Opinion

Letters to the Editor: March 16, 2012

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New regulations will force hotels to close pools

Re: "Thursday is 'Poolmageddon' for trial lawyers," March 14

Conn Carroll was right to criticize the Obama administration for potentially forcing thousands of hotel swimming pools to close through its onerous re-interpretation of the Americans with Disabilities Act.

The administration's demand that hotels stop using portable lifts for the disabled and install fixed lifts in their pools instead will impose up to $20,000 in installation costs for each pool, increase risks to child safety, and open hotels to repeated demands for thousands of dollars in attorney fees until they do so.

Those added costs menace the continued operation of the nation's 300,000 public swimming pools, which were recently ordered to install such lifts by March 15th -- an impossible deadline to meet.

To avoid potentially massive liability to trial lawyers under the ADA's attorney-fee provisions, the smaller and cheaper hotels that cater to people of modest means may simply decide to close their pools.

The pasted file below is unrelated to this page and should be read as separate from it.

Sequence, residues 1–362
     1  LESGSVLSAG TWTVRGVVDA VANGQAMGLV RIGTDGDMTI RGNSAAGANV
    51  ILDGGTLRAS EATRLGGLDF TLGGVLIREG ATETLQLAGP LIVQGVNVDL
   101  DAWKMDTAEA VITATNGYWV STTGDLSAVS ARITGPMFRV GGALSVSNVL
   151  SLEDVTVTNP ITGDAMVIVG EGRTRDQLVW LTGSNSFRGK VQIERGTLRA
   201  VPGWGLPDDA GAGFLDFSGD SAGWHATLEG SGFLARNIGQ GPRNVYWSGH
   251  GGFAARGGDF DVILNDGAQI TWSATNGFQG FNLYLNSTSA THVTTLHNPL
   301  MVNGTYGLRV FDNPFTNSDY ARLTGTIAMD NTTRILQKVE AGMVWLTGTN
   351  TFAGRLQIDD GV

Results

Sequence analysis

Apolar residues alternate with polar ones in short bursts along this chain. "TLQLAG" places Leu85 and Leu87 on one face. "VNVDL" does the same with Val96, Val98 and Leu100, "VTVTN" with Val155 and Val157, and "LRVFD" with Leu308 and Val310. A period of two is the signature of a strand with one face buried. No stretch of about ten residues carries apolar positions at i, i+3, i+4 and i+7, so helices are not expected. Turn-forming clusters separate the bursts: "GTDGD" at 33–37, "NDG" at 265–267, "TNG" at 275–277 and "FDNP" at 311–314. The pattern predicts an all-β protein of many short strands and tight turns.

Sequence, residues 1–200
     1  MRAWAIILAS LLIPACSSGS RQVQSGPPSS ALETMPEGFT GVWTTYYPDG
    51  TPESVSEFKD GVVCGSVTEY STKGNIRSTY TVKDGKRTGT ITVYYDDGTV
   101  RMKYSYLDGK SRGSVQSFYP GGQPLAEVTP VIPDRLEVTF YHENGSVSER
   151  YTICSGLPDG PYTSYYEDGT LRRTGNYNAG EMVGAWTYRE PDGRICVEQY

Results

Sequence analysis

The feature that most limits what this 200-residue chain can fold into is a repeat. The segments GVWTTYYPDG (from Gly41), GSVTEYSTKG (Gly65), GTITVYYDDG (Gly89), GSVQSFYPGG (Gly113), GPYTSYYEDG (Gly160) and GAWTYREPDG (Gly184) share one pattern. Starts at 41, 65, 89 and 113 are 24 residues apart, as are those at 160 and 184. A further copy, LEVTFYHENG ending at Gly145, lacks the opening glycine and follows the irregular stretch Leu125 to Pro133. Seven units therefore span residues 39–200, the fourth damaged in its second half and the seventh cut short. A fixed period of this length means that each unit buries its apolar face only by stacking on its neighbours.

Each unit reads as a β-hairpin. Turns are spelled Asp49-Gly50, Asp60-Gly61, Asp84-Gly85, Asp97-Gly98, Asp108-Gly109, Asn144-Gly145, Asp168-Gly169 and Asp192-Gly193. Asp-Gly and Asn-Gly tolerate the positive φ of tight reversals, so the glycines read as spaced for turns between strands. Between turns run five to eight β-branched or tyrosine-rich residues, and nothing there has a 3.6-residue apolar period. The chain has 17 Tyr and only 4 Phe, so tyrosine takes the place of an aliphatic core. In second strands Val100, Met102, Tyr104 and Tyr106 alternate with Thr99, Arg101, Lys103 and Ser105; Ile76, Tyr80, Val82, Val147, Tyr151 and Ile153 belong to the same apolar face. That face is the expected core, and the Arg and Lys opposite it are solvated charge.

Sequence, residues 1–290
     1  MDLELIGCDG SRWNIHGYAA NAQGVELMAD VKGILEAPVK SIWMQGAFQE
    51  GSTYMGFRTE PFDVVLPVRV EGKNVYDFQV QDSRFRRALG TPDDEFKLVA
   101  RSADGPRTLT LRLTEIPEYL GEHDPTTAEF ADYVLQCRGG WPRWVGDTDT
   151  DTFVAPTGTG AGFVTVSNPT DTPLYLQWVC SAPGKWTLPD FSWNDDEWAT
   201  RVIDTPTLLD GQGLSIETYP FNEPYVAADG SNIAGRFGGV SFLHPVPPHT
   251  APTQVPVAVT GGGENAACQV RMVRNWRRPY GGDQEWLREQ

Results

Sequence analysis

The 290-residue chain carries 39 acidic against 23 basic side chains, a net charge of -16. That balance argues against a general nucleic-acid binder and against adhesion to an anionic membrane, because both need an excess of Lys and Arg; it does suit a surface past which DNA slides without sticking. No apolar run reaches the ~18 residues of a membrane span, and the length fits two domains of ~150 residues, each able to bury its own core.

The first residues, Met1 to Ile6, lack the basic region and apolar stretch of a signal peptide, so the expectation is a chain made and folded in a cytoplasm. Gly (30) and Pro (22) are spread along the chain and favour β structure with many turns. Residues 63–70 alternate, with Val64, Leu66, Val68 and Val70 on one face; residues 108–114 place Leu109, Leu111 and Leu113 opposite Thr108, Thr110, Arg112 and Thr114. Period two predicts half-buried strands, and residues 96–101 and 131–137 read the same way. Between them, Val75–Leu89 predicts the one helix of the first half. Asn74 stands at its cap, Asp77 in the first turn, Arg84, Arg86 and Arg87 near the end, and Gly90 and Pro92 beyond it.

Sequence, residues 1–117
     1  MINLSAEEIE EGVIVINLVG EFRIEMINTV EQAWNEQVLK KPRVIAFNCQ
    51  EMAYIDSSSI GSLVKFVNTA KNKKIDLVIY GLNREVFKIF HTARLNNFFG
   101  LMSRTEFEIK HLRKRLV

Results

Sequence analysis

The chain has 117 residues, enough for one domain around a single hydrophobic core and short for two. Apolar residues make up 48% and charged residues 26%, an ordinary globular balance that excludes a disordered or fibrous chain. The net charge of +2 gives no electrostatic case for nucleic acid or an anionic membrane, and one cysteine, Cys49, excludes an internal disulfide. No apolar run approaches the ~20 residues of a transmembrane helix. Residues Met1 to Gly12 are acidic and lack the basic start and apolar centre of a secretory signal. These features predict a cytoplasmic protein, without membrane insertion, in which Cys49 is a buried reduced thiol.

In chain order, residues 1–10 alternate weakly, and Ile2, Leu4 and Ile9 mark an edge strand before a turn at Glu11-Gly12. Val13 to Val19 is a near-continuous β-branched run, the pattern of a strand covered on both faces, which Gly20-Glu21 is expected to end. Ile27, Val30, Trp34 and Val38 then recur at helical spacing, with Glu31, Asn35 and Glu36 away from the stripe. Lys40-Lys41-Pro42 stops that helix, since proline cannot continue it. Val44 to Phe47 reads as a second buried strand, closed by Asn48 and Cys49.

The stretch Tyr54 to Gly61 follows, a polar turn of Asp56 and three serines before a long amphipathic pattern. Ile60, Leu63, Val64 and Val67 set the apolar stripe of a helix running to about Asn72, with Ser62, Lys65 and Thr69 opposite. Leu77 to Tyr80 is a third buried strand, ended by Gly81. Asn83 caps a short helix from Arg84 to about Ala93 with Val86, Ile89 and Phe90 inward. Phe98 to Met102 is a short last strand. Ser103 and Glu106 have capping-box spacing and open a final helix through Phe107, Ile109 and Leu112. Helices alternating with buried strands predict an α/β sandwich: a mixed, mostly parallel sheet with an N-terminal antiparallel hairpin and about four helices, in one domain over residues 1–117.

Hans Bader

Senior attorney,

Competitive Enterprise Institute

Washington

Blame coming 'Poolmageddon' on Bush 41

Re: "Thursday is 'Poolmageddon' for trial lawyers," March 14

Conn Carroll rightly derides the recent outrages looming under the Americans with Disabilities Act.

However, one must not forget that this law came into being under a Republican administration (Bush 41).

Andrew Margrave

Fairfax

Birth control use does equate to sexual promiscuity

Re: "Dim Bulb," March 14

In attacking Sandra Fluke as a "Dim Bulb" on Wednesday, The Washington Examiner took a legitimate case of confirmation bias and ruined it with its "cure" -- implying that those who take birth control just want sex with no strings attached.

I personally know women who could not function during their periods because of severe menstrual pain and cramping. They were able to remain contributing members of society after going on birth control to lessen the severity of their cycles.

The Examiner should stick with arguments that do not rely on hate-mongering. After all, what's the difference between what you said and Rush Limbaugh's "slut rant" other than the brevity and indirectness of it?

Women who need birth control to function are not "[forcing] the rest of us to pay for [their] fun", as you say. They are forcing us to allow them to be productive members of society.

Andy Goss

Fairfax

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